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Qualys Security Advisory  
  
LPE and RCE in OpenSMTPD's default install (CVE-2020-8794)  
  
  
==============================================================================  
Contents  
==============================================================================  
  
Summary  
Analysis  
...  
Acknowledgments  
  
  
==============================================================================  
Summary  
==============================================================================  
  
We discovered a vulnerability in OpenSMTPD, OpenBSD's mail server. This  
vulnerability, an out-of-bounds read introduced in December 2015 (commit  
80c6a60c, "when peer outputs a multi-line response ..."), is exploitable  
remotely and leads to the execution of arbitrary shell commands: either  
as root, after May 2018 (commit a8e22235, "switch smtpd to new  
grammar"); or as any non-root user, before May 2018.  
  
Because this vulnerability resides in OpenSMTPD's client-side code  
(which delivers mail to remote SMTP servers), we must consider two  
different scenarios:  
  
- Client-side exploitation: This vulnerability is remotely exploitable  
in OpenSMTPD's (and hence OpenBSD's) default configuration. Although  
OpenSMTPD listens on localhost only, by default, it does accept mail  
from local users and delivers it to remote servers. If such a remote  
server is controlled by an attacker (either because it is malicious or  
compromised, or because of a man-in-the-middle, DNS, or BGP attack --  
SMTP is not TLS-encrypted by default), then the attacker can execute  
arbitrary shell commands on the vulnerable OpenSMTPD installation.  
  
- Server-side exploitation: First, the attacker must connect to the  
OpenSMTPD server (which accepts external mail) and send a mail that  
creates a bounce. Next, when OpenSMTPD connects back to their mail  
server to deliver this bounce, the attacker can exploit OpenSMTPD's  
client-side vulnerability. Last, for their shell commands to be  
executed, the attacker must (to the best of our knowledge) crash  
OpenSMTPD and wait until it is restarted (either manually by an  
administrator, or automatically by a system update or reboot).  
  
We developed a simple exploit for this vulnerability and successfully  
tested it against OpenBSD 6.6 (the current release), OpenBSD 5.9 (the  
first vulnerable release), Debian 10 (stable), Debian 11 (testing), and  
Fedora 31. At OpenBSD's request, and to give OpenSMTPD's users a chance  
to patch their systems, we are withholding the exploitation details and  
code until Wednesday, February 26, 2020.  
  
Last-minute note: we tested our exploit against the recent changes in  
OpenSMTPD 6.6.3p1, and our results are: if the "mbox" method is used for  
local delivery (the default in OpenBSD -current), then arbitrary command  
execution as root is still possible; otherwise (if the "maildir" method  
is used, for example), arbitrary command execution as any non-root user  
is possible.  
  
  
==============================================================================  
Analysis  
==============================================================================  
  
SMTP clients connect to SMTP servers and send commands such as EHLO,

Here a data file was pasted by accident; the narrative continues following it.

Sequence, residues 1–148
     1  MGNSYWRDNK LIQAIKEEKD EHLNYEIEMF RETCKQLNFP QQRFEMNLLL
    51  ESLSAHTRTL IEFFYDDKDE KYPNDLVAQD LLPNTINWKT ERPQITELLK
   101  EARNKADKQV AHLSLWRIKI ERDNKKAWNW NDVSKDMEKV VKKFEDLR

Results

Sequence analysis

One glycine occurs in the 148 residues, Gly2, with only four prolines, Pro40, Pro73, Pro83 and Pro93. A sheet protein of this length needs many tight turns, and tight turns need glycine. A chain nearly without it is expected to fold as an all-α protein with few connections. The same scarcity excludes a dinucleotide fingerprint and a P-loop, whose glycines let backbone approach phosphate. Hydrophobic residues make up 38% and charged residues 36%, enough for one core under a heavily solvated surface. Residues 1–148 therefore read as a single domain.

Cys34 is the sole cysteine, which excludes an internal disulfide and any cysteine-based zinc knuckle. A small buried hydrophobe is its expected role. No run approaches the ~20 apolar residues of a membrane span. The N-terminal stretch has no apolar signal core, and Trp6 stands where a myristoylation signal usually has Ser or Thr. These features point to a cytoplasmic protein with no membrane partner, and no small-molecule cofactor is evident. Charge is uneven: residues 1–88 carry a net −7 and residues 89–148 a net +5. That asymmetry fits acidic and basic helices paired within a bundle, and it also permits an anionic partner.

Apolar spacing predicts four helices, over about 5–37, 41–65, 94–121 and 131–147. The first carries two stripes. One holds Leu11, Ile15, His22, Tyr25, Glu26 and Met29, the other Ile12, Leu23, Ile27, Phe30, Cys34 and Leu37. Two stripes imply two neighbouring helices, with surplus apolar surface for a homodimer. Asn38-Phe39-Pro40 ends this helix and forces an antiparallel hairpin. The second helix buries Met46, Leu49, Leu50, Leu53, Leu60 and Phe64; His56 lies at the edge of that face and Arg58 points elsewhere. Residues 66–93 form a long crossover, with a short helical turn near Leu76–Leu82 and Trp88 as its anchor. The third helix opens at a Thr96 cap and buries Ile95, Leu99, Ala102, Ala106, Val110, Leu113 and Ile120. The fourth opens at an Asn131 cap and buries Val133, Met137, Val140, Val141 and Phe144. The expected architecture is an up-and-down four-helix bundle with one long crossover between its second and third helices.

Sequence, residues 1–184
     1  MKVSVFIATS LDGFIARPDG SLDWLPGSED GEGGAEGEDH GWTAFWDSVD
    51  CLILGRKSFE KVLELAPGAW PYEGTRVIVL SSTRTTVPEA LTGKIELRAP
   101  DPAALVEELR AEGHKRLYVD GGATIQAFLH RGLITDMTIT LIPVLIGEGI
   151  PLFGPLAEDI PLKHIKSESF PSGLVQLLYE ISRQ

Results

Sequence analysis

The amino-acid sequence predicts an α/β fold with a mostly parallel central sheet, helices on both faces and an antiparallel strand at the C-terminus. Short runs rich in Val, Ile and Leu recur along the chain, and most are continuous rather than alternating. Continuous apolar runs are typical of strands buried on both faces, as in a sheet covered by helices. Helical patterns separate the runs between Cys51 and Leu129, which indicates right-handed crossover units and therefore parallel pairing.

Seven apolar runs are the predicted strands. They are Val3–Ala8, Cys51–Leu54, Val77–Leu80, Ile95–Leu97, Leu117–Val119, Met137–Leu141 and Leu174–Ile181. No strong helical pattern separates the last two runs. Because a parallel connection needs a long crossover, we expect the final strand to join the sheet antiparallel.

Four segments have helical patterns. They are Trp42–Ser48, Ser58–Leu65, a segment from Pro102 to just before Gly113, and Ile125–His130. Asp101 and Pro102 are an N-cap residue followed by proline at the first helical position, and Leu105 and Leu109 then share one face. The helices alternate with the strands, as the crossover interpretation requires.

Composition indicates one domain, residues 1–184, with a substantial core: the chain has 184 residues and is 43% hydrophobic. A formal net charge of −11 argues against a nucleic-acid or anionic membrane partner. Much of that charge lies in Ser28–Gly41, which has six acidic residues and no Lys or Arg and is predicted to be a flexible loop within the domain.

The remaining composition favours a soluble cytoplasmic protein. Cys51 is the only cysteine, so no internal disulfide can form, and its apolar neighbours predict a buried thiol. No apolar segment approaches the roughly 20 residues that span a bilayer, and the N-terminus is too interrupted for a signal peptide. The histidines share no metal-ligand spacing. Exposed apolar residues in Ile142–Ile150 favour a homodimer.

MAIL FROM, and RCPT TO. SMTP servers respond with either single-line or  
multiple-line replies:  
  
- the first lines begin with a three-digit code and a hyphen ('-'),  
followed by an optional text (for example, "250-ENHANCEDSTATUSCODES");  
  
- the last line begins with the same three-digit code, followed by an  
optional space (' ') and text (for example, "250 HELP").  
  
In OpenSMTPD's client-side code, these multiline replies are parsed by  
the mta_io() function:  
  
------------------------------------------------------------------------------  
1098 static void  
1099 mta_io(struct io *io, int evt, void *arg)  
1100 {  
....  
1133 case IO_DATAIN:  
1134 nextline:  
1135 line = io_getline(s->io, &len);  
....  
1146 if ((error = parse_smtp_response(line, len, &msg, &cont))) {  
------------------------------------------------------------------------------  
  
- the first lines (when line[3] == '-') are concatenated into a 2KB  
replybuf:  
  
------------------------------------------------------------------------------  
1177 if (cont) {  
1178 if (s->replybuf[0] == '\0')  
1179 (void)strlcat(s->replybuf, line, sizeof s->replybuf);  
1180 else {  
1181 line = line + 4;  
....  
1187 (void)strlcat(s->replybuf, line, sizeof s->replybuf);  
1188 }  
1189 goto nextline;  
1190 }  
------------------------------------------------------------------------------  
  
- the last line (when line[3] != '-') is also concatenated into  
replybuf:  
  
------------------------------------------------------------------------------  
1195 if (s->replybuf[0] != '\0') {  
1196 p = line + 4;  
....  
1201 if (strlcat(s->replybuf, p, sizeof s->replybuf) >= sizeof s->replybuf)  
------------------------------------------------------------------------------  
  
Unfortunately, if the last line's three-digit code is not followed by  
the optional space and text, then p (at line 1196) points to the first  
character *after* the line's '\0' terminator (which replaced the line's  
'\n' terminator in iobuf_getline()), and this out-of-bounds string is  
concatenated into replybuf (at line 1201).  
  
...  
  
  
==============================================================================  
Acknowledgments  
==============================================================================  
  
We thank OpenBSD's developers for their quick response and patches. We  
also thank Gilles for his hard work and beautiful code.  
  
  
  
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